Summary: In House Bill 110 (“the Budget Bill”), language was added in Sec. 3302.42, which requires that a school district “assign all students engaged in e-learning to a single school that the department will designate as a district e-school. “It should be noted that the option to operate a blended learning model under article 3302.41 of the revised Code or an alternative school according to article 3313.533 of the revised Code is NOT affected by this new law. Therefore, if a school district has chosen to open a new online school with a separate IRN, instead of using the blended learning model within section 3302.41, the students who are transferred to this new one school are, by definition, transfer students in accordance with Regulation 4-7-2. transfer. but only for student-athletes transferred to a new online school sponsored by the district and specifically created in response to 3302.41. The decision to waive strict compliance with this transfer rule only for these students is due to the fact that if this law had not been implemented, the student (s) would otherwise have maintained their enrollment in the member school to gain access to online education in this capacity.
Delay in ODE background checks for student activity licenses
Current impact on member schools? Yes, immediate
Summary: While this update does not relate to new legislation, the OHSAA office has been informed of messages sent to school administrators alerting them to “potential delays associated with criminal background checks that lead to subsequent delays in the ability of the Ohio Department of Education to issue and renew certain professional licenses, including student teaching and activity licenses. “If a school has a coach who is going through the renewal process and has experienced a delay in their certification, please note that ORC §119.06 will allow the school to authorize renew coaches who have completed all required applications / registrations on time and in the manner prescribed by ODE rule to continue coaching even if they are awaiting a decision from the agency. This law does not apply to coaches who apply for their initial certification. Please see this link or contact the OHSAA Compliance Department if you have any questions about this law: https://codes.ohio.gov/ohio-revised-code/section-119.06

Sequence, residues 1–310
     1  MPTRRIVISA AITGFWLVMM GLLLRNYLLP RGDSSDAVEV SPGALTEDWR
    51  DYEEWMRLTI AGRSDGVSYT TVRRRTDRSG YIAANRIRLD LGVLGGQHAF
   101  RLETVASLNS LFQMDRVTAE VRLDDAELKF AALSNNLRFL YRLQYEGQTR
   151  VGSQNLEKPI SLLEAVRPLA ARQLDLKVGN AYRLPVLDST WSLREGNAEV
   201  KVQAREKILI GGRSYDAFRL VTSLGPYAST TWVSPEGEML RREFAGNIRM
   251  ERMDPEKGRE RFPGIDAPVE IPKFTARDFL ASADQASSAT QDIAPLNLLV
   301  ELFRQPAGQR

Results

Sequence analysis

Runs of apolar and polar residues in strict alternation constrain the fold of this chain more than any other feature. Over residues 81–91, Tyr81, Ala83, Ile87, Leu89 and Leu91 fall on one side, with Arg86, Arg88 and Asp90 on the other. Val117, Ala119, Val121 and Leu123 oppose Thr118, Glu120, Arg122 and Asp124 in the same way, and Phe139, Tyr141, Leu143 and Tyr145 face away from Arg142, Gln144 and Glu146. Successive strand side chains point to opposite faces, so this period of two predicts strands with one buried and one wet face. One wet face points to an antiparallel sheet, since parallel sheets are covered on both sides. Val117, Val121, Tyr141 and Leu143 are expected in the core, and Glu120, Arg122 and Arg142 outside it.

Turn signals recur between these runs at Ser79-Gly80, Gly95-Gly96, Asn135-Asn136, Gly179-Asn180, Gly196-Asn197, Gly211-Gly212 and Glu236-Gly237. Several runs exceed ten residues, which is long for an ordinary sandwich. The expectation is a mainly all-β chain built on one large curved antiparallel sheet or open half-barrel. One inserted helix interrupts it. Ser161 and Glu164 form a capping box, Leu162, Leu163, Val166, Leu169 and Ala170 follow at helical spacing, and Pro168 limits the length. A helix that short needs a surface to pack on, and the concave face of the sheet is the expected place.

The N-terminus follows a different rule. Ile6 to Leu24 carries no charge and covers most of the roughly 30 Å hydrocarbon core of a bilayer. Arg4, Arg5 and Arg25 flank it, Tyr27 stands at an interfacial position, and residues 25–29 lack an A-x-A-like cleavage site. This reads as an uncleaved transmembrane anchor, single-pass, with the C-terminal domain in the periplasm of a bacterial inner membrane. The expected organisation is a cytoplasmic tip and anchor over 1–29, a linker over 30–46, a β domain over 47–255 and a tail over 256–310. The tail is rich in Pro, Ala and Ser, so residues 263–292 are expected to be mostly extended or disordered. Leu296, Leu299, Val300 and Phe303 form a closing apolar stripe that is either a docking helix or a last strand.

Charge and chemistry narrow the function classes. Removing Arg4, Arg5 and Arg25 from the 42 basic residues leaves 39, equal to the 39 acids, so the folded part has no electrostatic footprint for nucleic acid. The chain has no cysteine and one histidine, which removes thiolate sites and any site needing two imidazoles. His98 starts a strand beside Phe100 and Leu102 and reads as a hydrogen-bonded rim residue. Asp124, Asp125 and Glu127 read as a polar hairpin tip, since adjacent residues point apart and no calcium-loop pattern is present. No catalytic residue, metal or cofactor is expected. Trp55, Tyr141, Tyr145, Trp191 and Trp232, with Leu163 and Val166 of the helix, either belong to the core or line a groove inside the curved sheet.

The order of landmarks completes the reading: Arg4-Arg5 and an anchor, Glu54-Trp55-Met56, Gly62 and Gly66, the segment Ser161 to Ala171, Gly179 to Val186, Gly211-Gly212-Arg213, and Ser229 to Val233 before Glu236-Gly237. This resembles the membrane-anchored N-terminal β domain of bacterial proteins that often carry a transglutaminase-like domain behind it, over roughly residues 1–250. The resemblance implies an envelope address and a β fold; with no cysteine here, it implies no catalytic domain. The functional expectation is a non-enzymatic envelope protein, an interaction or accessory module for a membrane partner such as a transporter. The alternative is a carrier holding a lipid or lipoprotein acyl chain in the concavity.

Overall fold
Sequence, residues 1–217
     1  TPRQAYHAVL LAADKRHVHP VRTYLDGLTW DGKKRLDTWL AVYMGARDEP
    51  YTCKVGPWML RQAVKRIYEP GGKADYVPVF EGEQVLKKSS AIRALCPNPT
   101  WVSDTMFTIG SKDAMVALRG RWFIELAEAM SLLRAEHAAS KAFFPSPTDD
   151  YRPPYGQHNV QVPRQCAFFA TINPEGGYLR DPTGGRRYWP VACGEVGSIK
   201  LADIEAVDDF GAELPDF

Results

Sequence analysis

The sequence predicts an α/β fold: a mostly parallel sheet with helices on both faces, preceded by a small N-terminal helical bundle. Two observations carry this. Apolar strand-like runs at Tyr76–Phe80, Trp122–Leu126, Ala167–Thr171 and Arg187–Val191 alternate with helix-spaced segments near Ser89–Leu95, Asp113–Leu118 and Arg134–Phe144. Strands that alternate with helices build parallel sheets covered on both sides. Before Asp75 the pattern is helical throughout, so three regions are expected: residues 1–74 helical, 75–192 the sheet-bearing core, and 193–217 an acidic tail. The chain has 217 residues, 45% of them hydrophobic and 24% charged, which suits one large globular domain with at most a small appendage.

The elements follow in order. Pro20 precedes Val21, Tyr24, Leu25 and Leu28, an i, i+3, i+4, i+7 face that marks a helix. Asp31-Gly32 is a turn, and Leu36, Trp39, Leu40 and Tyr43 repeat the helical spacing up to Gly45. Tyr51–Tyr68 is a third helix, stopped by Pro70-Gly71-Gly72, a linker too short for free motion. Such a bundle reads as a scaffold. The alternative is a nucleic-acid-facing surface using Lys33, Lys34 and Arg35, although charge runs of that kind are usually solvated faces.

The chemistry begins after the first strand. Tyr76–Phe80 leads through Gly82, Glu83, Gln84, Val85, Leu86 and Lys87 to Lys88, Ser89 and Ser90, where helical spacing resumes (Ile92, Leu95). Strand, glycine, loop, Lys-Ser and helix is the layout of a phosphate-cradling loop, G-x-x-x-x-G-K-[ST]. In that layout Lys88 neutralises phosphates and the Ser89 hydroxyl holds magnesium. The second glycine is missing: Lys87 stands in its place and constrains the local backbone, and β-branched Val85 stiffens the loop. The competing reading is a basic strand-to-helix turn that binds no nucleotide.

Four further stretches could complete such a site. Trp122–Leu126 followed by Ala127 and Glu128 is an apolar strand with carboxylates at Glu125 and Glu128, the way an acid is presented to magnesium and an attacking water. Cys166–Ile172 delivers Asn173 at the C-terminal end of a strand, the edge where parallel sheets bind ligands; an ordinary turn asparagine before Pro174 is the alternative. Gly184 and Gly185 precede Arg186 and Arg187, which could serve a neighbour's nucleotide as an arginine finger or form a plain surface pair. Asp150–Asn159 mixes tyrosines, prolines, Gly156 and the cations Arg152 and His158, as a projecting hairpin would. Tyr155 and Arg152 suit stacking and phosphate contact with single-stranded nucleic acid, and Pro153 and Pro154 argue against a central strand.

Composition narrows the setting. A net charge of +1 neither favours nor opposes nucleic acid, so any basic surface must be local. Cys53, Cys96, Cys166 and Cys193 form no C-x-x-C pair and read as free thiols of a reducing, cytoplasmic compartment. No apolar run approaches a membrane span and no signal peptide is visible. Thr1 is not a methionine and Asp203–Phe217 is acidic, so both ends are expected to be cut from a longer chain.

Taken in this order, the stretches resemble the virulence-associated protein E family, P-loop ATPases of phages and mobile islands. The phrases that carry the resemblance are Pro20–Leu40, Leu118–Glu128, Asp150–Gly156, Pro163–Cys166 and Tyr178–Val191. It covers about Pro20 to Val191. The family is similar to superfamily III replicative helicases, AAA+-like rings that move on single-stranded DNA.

And in other notable national news:
Mahanoy Region School District c. BL – Supreme Court
Summary: The United States Supreme Court has ruled in favor of a teenage girl who was kicked from her cheerleading squad following a secular social media post. In an 8-1 decision, he found that the Mahanoy Area School District violated Brandi Levy’s freedom of speech under the First Amendment since his comments were made via social media off campus. The ruling states that schools cannot punish a student for his speech off campus unless “materially disrupts class work or involves substantial disorder or infringement of the rights of others.The ruling still allows schools to discipline students for off-campus speech deemed racist, intimidating, threatening or otherwise disruptive to learning, and schools can still discipline a student for off-campus language if that is found to be disruptive. In an AP News article, Judge Samuel Alito wrote: “If today’s decision teaches any lesson, it’s that regulating many types of student speech outside of school raises serious First Amendment concerns, and school officials must proceed with caution before s ‘venture into this territory.. “